I want to start this blog with a personal story.
When I managed a small, combined Employment Relations and Health and Safety team at a large government department, I was astounded by some of the expectations of my fellow HR managers. These managers expected their team members to work whatever hours were needed to get the job done and looked at my team as not being under pressure because we were gone by 4:30pm, if not 5:00pm, most days.
When I look back on this scenario the following comes to mind. All employees across our HR team were employed for 40 hours a week and were all salaried employees. Their IEA stipulated that their salary compensated them for any extra hours that were required to be worked to get a job completed (or words that affect). My team did get things done. Why my team didn't work past 5:00pm very often, if at all, was because I didn't require them to, and their work did not require them to.
The way I looked at my team's work was: if the world wasn't going to end; if people weren't going to die; and if the sky wasn't going to fall down; then if they didn't finish what they were working on in any given day, the work could wait, they should go home and they could (and did) finish the work the next working day. Now, this may have made others envious of my team or even question our work ethic but, as I said, we did get things done. And more importantly my team’s satisfaction scores were often high, and they were generally happy in their work.
So why am I telling you this?
In our current environment employers are facing increasing pressures. Media, and commentators in general, are talking about “the great resignation.” Business costs are increasing through rents, rates, etc. all increasing. People’s spending power is changing due to higher costs of living, petrol increases, and what seems like a relentless inflationary trajectory. I believe that there is a lesson in my story for employers to look differently at how they approach work with their staff.
Yes, pay is important, and employers should pay an appropriate wage for the work their employees do. However, pay alone does not bring, or buy, satisfaction. Today’s employer and/or manager needs to think about how to make the “employee experience” in their workplace a “great experience.” This is where work-life balance can play a part in improving employee satisfaction and morale. Work-life balance will mean different things for different people.
My personal take on it is; if you look after your staff and make it easier for them to care for themselves then they will pay that back in the workplace through higher productivity.
Jack Welch (former Chairman and CEO of General Electric) says, “There is no such thing as work-life balance. There are work life choices and you make them, and they have consequences.”
I agree choices do have consequences. If employers expect too much from their employees, the consequence can be burnout leading to higher turnover, loss of productivity, and greater costs to the organisation. Equally if the employee expects or takes too much this could result in a greater workload for their colleagues who have to pick up the slack, poorer customer experience, lost business, and in the extreme cases loss of job for the employee. However, none of this is a reason for not considering doing something “out of the box” for your employees. Just be aware of and consider how to minimize and/or mitigate the consequences.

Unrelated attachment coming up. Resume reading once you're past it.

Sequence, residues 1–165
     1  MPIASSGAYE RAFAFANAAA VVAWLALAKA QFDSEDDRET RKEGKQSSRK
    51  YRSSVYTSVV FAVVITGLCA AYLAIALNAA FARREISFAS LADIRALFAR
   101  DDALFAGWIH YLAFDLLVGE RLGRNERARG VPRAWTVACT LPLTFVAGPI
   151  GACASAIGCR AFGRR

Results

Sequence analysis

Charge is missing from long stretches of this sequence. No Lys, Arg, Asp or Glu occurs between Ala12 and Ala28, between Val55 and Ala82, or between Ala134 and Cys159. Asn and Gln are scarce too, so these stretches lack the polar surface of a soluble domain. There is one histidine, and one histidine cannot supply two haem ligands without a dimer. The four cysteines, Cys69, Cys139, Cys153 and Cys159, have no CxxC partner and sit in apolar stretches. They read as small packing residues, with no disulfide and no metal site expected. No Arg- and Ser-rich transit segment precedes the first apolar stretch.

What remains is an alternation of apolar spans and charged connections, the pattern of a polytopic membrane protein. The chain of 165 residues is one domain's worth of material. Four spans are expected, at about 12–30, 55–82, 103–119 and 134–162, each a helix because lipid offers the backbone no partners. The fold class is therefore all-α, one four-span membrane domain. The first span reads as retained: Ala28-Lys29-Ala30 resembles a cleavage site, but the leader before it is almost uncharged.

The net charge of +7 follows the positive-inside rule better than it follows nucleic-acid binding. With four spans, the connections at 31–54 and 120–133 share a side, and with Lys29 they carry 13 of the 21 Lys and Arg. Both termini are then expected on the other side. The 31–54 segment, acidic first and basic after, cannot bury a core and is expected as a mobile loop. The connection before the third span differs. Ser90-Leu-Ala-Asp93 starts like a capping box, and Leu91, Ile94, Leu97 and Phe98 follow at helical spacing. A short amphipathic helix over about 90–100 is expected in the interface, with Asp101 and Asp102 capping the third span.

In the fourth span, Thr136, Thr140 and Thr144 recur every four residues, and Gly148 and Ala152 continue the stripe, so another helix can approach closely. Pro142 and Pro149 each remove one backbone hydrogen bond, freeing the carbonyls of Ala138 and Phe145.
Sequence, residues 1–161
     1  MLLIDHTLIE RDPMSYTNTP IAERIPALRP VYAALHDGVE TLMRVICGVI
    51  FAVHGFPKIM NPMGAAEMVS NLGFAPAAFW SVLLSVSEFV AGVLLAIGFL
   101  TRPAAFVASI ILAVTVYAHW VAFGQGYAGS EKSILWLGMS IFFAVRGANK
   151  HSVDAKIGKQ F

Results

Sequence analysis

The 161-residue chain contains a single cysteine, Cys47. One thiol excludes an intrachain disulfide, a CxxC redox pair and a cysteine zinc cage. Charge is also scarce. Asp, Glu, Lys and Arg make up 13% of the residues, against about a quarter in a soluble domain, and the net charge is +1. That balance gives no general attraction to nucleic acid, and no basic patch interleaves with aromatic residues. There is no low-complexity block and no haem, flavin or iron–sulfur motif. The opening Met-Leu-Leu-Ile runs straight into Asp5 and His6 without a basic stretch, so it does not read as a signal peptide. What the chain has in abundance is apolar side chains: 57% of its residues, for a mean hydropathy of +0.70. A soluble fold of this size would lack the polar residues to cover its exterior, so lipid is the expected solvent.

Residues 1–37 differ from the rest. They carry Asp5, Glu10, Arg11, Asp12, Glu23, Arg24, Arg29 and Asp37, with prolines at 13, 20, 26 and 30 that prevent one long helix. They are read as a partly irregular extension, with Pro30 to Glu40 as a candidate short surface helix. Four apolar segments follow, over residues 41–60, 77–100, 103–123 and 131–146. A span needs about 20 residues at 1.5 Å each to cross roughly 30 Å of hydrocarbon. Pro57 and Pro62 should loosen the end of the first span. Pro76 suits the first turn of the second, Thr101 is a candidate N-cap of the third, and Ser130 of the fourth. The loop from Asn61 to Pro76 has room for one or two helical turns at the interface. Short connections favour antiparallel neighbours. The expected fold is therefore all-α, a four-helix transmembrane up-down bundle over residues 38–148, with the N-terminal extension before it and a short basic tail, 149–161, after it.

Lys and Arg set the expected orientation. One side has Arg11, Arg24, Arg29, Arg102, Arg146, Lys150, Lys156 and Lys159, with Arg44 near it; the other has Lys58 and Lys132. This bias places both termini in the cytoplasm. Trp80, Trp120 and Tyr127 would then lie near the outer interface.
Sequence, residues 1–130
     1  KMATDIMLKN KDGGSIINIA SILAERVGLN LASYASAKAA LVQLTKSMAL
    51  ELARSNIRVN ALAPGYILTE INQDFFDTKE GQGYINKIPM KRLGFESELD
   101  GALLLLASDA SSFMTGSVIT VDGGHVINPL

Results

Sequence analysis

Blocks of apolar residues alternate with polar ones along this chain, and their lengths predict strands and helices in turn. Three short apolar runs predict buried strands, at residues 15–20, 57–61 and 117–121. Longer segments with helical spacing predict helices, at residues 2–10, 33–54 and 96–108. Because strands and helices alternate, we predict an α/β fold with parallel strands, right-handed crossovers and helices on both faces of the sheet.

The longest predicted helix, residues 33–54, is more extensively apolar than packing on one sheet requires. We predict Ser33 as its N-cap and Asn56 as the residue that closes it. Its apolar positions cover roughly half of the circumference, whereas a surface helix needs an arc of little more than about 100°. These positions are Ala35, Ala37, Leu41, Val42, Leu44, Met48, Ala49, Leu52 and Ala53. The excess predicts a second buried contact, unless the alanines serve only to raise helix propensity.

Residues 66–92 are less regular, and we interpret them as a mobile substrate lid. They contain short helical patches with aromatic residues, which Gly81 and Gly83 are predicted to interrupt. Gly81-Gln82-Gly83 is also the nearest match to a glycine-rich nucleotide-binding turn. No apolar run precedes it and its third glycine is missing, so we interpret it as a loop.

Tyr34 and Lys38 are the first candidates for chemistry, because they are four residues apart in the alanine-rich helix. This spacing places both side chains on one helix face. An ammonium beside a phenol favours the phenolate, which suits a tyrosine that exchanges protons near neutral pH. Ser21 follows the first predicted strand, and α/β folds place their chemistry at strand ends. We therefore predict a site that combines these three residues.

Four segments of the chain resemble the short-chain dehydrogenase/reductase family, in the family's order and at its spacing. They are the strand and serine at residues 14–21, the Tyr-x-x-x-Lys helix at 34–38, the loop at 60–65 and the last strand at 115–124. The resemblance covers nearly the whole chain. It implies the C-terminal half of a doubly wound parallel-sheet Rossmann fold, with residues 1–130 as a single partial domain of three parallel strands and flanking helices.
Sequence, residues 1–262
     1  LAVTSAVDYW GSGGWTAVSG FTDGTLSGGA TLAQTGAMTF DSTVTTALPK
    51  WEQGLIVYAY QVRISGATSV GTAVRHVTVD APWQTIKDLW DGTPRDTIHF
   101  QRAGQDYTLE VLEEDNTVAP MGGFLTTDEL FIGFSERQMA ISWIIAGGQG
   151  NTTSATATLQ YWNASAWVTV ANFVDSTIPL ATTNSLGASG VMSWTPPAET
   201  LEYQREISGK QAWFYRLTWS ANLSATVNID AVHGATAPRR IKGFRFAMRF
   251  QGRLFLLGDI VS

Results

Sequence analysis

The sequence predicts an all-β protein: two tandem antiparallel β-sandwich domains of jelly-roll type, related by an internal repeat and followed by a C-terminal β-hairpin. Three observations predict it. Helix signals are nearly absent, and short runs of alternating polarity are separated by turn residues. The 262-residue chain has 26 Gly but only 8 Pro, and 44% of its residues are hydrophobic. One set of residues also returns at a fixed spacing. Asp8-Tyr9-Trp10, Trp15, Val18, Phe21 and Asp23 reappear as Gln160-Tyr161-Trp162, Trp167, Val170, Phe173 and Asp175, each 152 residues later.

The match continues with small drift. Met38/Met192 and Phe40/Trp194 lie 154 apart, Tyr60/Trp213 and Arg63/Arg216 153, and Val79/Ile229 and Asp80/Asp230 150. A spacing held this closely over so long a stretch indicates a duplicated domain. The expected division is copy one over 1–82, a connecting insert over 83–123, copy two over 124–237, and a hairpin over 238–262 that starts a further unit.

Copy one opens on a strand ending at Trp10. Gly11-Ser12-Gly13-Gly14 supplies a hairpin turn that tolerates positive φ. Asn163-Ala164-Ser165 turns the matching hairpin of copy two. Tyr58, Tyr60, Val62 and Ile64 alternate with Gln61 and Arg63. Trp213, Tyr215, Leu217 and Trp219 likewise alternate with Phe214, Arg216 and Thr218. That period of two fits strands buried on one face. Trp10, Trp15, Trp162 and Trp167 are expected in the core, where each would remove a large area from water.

I personally like Lori Deschene’s (Founder of Tiny Buddha) view of work life balance. Lori says, “Life is all about balance. You don't always need to be getting stuff done. Sometimes it is perfectly okay, and absolutely necessary, to shut down, kick back, and do nothing.”
Don’t misinterpret this as quitting your job or being negligent in your duties as an employer or employee. I see this as stopping what you’re doing, from time to time, to smell the roses. Or, as I said to my staff, how important is it that you finish what you’re doing today? What will happen if you stop work now and finish the job tomorrow?
Sometimes the bravest, and scariest thing to do in the workplace, is knowing when to stop what you’re doing. Pushing on into the late hours might look good, but in all reality who really thanks you for doing that? At what cost does that come to your energy levels, your attention to detail, your productivity? More importantly what impact does that have to your personal life? Your family?
Employers have an obligation to ensure work is done in a safe and healthy environment. Working late for the sake of working late is, in my view, neither healthy nor safe.
Consider how you, as a responsible employer or manager, might be able to structure the way work is done so that your employees get more satisfaction, that they get the right balance between work and personal life without creating unintended consequences. Do you need all your employees at work by 9am? What impact would a four-day week or a nine-day fortnight have on your business? Do any of the jobs your employees perform lend themselves to being done from home? What would the benefits of working from home have for you as well as your employees?
I’ll finish with a couple of quotes off the internet. The first is from singer Dolly Parton - Never get so busy making a living that you forget to make a life. This is something that employers should think about just as much as employees. The second is an unattributed quote – Make time to enjoy life. If you’re not obsessed with your life, change it. Don’t forget to play.
If you want to have a discussion about what you could do in your workplace to improve the work-life choices for yourself and your employees, email McKone Consultancy a call today.
Photo by Dillon Shook on unsplash.com